• 1 The first question which we must determine is whether Chestnut's amended complaints alleging a cause of action based on the entire course of treatment beginning in 1974 (as distinguished from the act of inserting a Kuntscher rod of improper length in 1977) may for limitations purposes be deemed to have been first filed in 1981 (when Chestnut filed her initial complaint) or in 1984. Section 2-616(b) of the Code of Civil Procedure (Ill. Rev. Stat. 1983, ch. 110, par. 2-616(b)) provides that an amended complaint relates back to the time of the filing of the initial complaint if the initial complaint was timely filed and "if it shall appear from the original and amended pleadings that the cause of action asserted * * * in the amended pleading grew out of the same transaction or occurrence set up in the original pleading." The circumstances under which an amended complaint may be deemed to relate back to the date of filing of the initial complaint were ably stated by the court in Krieger v. Village of Carpentersville (1972), 8 Ill. App.3d 243, 246-47, 289 N.E.2d 481, 483:
"The right to amend and the relation back of an amendment * * * depend on whether the original complaint furnishes to the defendant all of the information necessary to prepare its defense to the claim subsequently asserted in the amended complaint. [Citation.] The requirement that a cause of action be stated at the outset with precise accuracy has been shifted to a test of the identity of the transaction or occurrence, on the rationale that the defendant has not been prejudiced so long as his attention has been directed to the facts which form the basis of the claim within the prescribed time. [Citation.]"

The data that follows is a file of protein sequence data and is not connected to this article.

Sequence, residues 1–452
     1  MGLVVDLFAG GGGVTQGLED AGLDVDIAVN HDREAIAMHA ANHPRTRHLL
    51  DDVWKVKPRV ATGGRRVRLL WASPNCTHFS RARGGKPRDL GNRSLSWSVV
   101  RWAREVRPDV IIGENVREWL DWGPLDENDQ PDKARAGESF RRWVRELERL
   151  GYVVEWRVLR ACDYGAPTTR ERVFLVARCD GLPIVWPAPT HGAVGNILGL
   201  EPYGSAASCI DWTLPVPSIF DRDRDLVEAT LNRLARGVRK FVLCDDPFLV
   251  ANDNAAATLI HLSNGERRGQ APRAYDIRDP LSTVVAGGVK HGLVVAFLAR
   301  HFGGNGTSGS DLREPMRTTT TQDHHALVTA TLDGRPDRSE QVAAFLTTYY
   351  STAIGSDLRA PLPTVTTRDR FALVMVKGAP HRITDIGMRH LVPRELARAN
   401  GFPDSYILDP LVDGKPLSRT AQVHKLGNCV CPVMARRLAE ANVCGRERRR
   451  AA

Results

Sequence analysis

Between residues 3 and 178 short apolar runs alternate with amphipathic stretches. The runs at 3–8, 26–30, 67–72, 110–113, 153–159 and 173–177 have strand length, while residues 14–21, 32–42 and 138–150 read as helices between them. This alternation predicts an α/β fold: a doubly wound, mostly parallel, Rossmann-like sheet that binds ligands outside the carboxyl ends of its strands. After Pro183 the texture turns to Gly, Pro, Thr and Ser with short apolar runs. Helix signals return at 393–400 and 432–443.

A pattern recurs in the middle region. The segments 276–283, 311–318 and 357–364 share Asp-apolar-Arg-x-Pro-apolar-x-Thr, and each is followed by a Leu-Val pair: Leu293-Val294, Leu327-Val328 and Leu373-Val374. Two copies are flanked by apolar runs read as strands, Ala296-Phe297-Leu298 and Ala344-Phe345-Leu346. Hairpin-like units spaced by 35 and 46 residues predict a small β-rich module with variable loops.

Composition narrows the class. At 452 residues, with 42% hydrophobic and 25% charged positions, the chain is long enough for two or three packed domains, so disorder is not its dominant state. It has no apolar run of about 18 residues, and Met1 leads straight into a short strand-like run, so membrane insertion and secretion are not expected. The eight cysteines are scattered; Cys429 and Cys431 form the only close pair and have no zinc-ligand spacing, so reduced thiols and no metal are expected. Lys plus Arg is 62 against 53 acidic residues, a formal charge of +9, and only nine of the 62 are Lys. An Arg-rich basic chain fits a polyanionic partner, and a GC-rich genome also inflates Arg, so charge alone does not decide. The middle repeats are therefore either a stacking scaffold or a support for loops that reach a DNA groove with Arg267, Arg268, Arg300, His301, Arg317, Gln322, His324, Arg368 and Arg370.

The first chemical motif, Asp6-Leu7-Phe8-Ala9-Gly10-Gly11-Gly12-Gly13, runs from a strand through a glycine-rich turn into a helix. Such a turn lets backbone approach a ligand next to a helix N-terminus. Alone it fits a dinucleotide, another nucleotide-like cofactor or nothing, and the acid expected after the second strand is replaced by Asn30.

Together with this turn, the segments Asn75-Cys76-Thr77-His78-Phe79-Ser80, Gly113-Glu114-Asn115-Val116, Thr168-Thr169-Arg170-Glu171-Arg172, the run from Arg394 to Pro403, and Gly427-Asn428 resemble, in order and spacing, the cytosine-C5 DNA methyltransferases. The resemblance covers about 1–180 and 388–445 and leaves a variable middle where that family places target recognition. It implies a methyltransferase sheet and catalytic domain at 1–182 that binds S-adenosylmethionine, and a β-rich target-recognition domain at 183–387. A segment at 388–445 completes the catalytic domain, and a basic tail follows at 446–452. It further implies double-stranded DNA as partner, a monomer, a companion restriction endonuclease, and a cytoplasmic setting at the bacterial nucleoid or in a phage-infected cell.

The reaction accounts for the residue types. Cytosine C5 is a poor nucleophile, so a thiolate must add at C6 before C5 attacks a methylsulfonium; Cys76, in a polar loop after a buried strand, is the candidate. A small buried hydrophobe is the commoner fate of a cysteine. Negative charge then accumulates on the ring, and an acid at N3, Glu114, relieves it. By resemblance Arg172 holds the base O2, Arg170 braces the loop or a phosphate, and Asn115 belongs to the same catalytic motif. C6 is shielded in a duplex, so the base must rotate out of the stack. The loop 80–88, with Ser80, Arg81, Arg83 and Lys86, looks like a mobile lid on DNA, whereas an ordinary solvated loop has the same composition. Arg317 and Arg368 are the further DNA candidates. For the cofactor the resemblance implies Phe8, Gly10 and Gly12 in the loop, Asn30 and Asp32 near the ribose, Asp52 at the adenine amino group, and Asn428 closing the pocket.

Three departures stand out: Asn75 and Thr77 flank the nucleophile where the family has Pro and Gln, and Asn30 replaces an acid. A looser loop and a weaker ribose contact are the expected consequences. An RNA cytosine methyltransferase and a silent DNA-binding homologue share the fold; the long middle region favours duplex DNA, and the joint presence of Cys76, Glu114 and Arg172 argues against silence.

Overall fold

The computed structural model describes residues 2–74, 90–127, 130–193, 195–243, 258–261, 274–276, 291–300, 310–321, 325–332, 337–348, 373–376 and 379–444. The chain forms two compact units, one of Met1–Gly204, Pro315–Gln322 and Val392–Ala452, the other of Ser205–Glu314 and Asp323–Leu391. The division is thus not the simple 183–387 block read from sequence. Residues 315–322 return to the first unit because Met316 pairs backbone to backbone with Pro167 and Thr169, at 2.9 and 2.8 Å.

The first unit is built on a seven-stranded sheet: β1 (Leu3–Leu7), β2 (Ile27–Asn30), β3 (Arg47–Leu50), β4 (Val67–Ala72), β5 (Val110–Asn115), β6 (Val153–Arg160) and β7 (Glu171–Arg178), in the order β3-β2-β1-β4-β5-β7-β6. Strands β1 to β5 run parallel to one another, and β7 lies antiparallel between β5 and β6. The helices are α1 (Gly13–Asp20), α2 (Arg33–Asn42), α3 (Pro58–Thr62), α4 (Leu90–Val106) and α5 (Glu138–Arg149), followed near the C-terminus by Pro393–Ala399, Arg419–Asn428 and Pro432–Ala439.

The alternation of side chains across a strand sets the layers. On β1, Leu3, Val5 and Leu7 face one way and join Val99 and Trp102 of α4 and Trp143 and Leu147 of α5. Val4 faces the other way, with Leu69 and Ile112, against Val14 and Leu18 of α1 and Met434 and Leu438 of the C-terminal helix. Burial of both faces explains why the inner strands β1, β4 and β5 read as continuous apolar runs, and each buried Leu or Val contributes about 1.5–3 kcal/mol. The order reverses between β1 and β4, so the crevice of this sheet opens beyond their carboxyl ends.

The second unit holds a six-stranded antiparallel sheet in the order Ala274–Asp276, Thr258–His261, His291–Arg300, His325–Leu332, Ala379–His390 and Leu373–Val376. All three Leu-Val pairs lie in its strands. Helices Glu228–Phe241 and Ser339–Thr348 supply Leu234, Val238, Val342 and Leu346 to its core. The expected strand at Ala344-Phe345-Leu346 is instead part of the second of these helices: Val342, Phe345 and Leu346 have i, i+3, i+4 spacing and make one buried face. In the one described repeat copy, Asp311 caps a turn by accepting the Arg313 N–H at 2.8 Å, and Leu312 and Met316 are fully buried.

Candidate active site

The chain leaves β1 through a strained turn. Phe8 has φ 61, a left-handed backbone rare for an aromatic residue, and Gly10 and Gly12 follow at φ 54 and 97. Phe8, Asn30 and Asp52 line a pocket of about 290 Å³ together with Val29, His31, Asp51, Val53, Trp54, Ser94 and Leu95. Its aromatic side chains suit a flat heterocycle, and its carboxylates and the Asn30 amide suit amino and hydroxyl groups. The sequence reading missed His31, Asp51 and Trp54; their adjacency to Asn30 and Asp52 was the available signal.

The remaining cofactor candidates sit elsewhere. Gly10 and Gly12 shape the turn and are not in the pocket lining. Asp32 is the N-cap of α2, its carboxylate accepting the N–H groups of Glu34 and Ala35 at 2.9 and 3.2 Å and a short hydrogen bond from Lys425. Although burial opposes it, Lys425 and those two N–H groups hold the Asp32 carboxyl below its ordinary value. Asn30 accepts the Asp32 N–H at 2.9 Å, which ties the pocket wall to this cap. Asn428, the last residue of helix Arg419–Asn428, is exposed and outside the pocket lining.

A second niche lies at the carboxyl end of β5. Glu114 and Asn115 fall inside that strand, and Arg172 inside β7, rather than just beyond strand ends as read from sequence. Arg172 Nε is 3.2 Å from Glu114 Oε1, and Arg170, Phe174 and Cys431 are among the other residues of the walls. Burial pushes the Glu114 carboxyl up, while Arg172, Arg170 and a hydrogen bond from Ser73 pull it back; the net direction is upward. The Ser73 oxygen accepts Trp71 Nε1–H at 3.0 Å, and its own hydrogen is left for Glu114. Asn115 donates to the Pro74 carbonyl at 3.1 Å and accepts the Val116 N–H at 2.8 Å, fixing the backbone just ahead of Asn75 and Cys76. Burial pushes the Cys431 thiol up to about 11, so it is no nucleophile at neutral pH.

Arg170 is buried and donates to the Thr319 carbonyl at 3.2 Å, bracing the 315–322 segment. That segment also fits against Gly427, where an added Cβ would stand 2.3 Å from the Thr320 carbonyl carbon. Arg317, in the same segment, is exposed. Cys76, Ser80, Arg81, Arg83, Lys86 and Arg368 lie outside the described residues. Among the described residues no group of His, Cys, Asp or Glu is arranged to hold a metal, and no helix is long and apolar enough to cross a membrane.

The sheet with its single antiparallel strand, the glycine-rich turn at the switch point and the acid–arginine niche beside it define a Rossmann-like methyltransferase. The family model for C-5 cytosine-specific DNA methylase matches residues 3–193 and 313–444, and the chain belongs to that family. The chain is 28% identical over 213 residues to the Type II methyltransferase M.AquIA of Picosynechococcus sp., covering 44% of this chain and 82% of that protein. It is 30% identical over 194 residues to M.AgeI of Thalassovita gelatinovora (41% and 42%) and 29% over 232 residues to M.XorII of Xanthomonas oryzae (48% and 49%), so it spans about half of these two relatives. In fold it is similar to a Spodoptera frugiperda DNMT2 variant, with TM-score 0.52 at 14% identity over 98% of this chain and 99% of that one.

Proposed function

The 1981 complaint, alleging as it did medical malpractice on the basis of the insertion of a Kuntscher rod of improper length, cannot reasonably be said to have furnished the defendants with all of the information necessary to defend against the amended complaint. Indeed, the only reasonable conclusion which defendants could have drawn from the 1981 complaint was that Chestnut sought to hold them liable for medical malpractice solely on the basis of the insertion of a Kuntscher rod of improper length in 1977. The mutual exclusivity of the causes of action asserted in the initial 1981 complaint and the 1984 amended complaints is demonstrated by Chestnut's complete failure to allege the insertion of a Kuntscher rod of improper length as a cause of the damages alleged in the 1984 amended complaints. Moreover, it is not inconceivable that the defendants would be prejudiced by now having to defend against the allegations of the 1984 amended complaints, since in reliance on the 1981 complaint, defendants may well have failed to take the steps necessary to preserve evidence pertaining to their treatment of Chestnut prior to December 1977.
Chestnut seeks to demonstrate that the 1984 complaints state the same cause of action as the 1981 complaint and may thus be deemed timely filed, by pointing out that the events mentioned in both the 1984 and 1981 complaints were part of the same continuous course of treatment. The only cases which she cites in support of this argument are Connell v. Hayden (1981), 83 App. Div.2d 30, 443 N.Y.S.2d 383, and Schmit v. Esser (1931), 183 Minn. 354, 236 N.W. 622, which hold that for statute of limitations purposes, a cause of action as to ...